A frequently used tool in strategy evaluation is the audit. Auditing is defined by the American Accounting Association (AAA) as “a systematic process of objectively obtaining and evaluating evidence regarding assertions about economic actions and events to ascertain the degree of correspondence between these assertions and established criteria, and communicating the results to interested users.”14
Auditors examine the financial statements of firms to determine whether they have been prepared according to generally accepted accounting principles (GAAP) and whether they fairly represent the activities of the firm. independent auditors use a set of standards called generally accepted auditing standards (GAAS). Public accounting firms often have a consulting arm that provides strategy-evaluation services.
The new era of international financial reporting standards (IFRS) is approaching in the United States, and businesses need to go ahead and get ready to use iFRS. Many U.S. companies now report their finances using both the old GAAP and the new iFRS. “if companies don’t prepare, if they don’t start three years in advance,” warns business professor Donna Street at the University of Dayton, “they’re going to be in big trouble.” The GAAP standards are comprised of 25,000 pages, whereas the IFRS comprises only 5,000 pages, so in that sense IFRS is less cumbersome.
This accounting switch from GAAP to IFRS in the united States will cost businesses millions of dollars in fees and upgraded software systems and training. Certified public accountants in the united States need to study global accounting principles, and business schools should go ahead and begin teaching students the new accounting standards. Most large accounting firms and multinational firms favor the switch to IFRS, saying it will simplify accounting, make it easier for investors to compare firms across countries, and make it easier to raise capital globally. But many smaller firms oppose the upcoming change, believing it will be too costly; some firms are uneasy about the idea of giving an international body the authority to write accounting rules for the united States. Some firms also would pay higher taxes because last in, first out (LIFo) inventory methods are not allowed under IFRS. the international accounting Standards Board (IASB) has publicly expressed “regret” over the slowness in the united States of adopting IFRS.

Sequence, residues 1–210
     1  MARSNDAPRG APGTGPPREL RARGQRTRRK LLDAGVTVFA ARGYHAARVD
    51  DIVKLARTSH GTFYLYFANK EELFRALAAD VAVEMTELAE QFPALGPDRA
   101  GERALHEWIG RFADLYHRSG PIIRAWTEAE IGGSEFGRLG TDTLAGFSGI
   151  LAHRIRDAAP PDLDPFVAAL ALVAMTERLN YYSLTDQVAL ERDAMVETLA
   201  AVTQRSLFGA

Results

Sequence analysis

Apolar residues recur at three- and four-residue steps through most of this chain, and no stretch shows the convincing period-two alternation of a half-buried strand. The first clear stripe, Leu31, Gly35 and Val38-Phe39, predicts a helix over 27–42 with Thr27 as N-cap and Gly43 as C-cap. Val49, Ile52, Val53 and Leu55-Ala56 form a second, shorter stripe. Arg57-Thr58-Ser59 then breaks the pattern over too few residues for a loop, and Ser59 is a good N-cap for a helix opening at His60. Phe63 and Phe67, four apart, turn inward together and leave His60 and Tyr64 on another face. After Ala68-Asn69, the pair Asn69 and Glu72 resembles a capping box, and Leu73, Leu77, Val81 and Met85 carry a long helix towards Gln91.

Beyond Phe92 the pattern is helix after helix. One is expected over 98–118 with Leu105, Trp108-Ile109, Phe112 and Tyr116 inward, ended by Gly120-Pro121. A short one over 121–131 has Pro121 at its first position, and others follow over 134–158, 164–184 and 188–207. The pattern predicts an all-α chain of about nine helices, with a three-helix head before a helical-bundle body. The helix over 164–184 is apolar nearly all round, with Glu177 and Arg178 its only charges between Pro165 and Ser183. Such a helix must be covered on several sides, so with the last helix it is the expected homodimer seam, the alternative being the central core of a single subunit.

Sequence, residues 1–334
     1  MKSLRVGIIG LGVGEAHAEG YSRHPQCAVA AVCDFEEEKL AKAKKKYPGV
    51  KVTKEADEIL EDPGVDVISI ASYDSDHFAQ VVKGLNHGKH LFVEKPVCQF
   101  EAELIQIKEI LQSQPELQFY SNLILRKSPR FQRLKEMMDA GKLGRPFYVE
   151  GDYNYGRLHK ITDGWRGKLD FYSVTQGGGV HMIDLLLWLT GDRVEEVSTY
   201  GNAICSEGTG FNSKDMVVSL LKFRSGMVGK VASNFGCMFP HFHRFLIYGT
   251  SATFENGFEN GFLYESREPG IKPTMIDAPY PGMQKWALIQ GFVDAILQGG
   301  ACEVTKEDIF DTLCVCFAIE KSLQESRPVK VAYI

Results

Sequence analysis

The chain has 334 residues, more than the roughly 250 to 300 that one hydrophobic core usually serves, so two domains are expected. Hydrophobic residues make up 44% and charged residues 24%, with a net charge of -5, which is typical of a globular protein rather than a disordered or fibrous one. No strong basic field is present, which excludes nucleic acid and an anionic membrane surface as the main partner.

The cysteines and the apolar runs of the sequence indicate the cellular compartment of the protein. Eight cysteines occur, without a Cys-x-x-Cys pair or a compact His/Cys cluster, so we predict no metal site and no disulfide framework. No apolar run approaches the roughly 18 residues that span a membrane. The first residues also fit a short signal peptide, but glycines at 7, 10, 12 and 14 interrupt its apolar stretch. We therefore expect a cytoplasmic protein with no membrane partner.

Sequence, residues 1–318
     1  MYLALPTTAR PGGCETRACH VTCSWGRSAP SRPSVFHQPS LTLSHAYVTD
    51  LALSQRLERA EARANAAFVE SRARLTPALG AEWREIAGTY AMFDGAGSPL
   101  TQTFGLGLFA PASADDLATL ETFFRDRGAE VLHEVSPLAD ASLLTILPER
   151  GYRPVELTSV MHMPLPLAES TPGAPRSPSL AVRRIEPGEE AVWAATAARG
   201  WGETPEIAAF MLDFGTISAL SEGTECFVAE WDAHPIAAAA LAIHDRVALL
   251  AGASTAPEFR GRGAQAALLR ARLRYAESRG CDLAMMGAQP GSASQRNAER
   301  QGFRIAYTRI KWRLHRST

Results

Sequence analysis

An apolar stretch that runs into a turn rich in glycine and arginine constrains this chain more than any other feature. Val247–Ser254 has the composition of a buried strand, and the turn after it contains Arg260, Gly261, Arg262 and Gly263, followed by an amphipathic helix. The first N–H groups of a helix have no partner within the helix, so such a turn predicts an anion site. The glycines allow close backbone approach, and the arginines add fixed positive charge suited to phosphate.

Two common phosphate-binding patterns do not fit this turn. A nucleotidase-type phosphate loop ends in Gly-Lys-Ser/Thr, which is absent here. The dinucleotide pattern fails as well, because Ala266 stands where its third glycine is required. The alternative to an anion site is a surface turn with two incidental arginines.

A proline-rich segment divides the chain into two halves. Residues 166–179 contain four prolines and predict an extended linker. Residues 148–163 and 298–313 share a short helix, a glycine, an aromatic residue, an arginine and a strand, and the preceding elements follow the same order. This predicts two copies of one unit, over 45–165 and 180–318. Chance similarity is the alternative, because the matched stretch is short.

The U.S. Chamber of Commerce supports a change, saying it will lead to much more crossborder commerce and will help the united States compete in the world economy. Already the European union and 113 nations have adopted or soon plan to use international rules, including Australia, China, India, Mexico, and Canada. So, the united States is likely to adopt IFRS rules, but this switch could unleash a legal and regulatory nightmare. A few u.S. multinational firms already use IFRS for their foreign subsidiaries, such as united technologies (ut), which derives more than 60 percent of its revenues from abroad and is already training its entire staff to use IFRS.
Movement to IFRS from GAAP encompasses a company’s entire operations, including auditing, oversight, cash management, taxes, technology, software, investing, acquiring, merging, importing, exporting, pension planning, and partnering. Switching from GAAP to IFRS is also likely to be plagued by gaping differences in business customs, financial regulations, tax laws, politics, and other factors. One critic of the upcoming switch is Charles Niemeier of the Public Company Accounting Oversight Board, who says the switch “has the potential to be a Tower of Babel,” costing firms millions when they do not even have thousands to spend.
Others say the switch will help u.S. companies raise capital abroad and do business with firms abroad. Perhaps the biggest upside of the switch is that IFRS rules are more streamlined and less complex than GAAP. Lenovo is a big advocate of IFRS, as it desires to be a world company rather than a u.S. or Chinese company, so the faster the switch to IFRS, the better for them. The bottom line is that IFRS is coming to the united States, likely sooner rather than later.
Source: David Fred, David Forest (2016), Strategic Management: A Competitive Advantage Approach, Concepts and Cases, Pearson (16th Edition).